Four more planes carrying American passengers from Wuhan, China, will arrive in the U.S. this week, the Centers for Disease Control and Prevention (CDC) announced today (Feb. 5) during a press conference.
The planes will land today and tomorrow at Travis Air Force Base in Sacramento, California; Marine Corps Air Station Miramar in San Diego; Lackland Air Force Base in San Antonio, Texas; and Eppley Airfield in Omaha, Nebraska.
The first group of U.S. citizens — 195 passengers — were flown from Wuhan to the U.S. on Jan. 29 and are still under quarantine at the March Air Reserve Base in Riverside, California. Their 14 days of legal quarantine will end the beginning of next week, and if they're healthy, they will be free to go home, Dr. Nancy Messonnier, the director of the CDC's National Center for Immunization and Respiratory Diseases, said during the news conference.
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None of those quarantined have tested positive for the coronavirus, but one child at March Air Reserve Base was recently taken to a hospital after developing a fever, Riverside County health officials announced on Tuesday (Feb. 4). It's unclear if that fever is related to the coronavirus or not.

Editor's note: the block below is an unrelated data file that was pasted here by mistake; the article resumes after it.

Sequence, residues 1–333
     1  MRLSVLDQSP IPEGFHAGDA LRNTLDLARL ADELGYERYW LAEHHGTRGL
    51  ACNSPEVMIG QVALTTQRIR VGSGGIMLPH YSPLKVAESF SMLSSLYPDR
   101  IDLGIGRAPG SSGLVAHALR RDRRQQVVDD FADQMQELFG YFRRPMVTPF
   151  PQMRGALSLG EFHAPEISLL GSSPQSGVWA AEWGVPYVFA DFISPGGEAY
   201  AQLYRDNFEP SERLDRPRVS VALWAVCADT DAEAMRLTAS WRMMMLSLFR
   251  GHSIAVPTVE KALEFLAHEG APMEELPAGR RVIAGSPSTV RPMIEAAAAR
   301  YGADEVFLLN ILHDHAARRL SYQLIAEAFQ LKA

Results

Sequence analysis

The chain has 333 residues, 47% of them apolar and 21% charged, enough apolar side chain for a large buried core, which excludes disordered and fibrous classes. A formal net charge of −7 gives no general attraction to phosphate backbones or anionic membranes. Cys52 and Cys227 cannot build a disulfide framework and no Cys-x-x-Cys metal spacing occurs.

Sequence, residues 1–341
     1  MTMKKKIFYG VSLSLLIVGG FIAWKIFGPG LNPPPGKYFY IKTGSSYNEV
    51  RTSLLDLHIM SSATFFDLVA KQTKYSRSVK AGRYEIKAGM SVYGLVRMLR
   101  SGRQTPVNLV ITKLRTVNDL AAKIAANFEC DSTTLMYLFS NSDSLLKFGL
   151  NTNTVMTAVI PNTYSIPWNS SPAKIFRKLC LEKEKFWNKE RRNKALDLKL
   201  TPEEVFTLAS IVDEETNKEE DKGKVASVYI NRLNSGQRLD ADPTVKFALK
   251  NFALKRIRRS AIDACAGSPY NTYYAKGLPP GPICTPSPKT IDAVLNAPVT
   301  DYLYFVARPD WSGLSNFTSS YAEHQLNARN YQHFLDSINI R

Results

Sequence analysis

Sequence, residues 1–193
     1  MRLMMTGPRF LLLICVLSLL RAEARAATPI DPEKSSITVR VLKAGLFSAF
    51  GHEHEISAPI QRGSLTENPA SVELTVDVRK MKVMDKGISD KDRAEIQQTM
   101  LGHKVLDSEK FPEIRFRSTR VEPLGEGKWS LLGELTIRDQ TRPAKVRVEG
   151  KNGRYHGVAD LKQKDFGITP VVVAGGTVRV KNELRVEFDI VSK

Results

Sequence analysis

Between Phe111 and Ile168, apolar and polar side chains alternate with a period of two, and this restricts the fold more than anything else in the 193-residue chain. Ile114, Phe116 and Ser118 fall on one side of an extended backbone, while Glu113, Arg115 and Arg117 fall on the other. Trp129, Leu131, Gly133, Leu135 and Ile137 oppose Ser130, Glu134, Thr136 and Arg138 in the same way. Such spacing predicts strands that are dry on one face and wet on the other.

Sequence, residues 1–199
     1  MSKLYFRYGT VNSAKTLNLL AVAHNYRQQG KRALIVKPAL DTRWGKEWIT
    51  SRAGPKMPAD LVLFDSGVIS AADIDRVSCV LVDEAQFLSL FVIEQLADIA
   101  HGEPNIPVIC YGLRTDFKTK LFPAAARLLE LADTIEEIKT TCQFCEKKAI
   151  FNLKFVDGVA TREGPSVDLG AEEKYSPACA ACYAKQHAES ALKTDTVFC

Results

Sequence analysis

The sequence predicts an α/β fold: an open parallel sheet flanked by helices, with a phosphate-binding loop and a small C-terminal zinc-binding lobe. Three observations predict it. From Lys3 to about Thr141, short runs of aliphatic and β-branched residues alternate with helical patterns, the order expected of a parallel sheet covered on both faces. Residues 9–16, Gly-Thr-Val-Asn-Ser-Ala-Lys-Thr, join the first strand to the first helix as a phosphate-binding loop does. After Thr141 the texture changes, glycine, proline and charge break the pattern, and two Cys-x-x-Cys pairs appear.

It's not yet clear how many new passengers will be arriving, but they will all be issued quarantines at designated locations for 14 days after they take off from Wuhan. CDC staff will meet the planes and assess the health of the passengers, Messonnier said.
The passengers will be monitored, screened and evaluated for symptoms of the coronavirus during their journey and when they land in the U.S. If any of the passengers develop symptoms, medical care will be immediately ready for them, Messonnier added.
"We do not believe these people pose a threat to the communities where they are being housed as we are taking measures to minimize any contact," she said. Authorities do expect there will be some confirmed coronavirus infections among Americans returning from Hubei province. Messonnier noted that they may not catch every passenger returning with the novel coronavirus, but "if we can catch the majority of them, that will slow the entry of this virus into the United States."
Currently, there are 11 confirmed cases of coronavirus in the United States. All of those patients are doing well and recovering, Messonnier said.
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Originally published on Live Science.
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Yasemin is a staff writer at Live Science, covering health, neuroscience and biology. Her work has appeared in Scientific American, Science and the San Jose Mercury News. She has a bachelor's degree in biomedical engineering from the University of Connecticut and a graduate certificate in science communication from the University of California, Santa Cruz.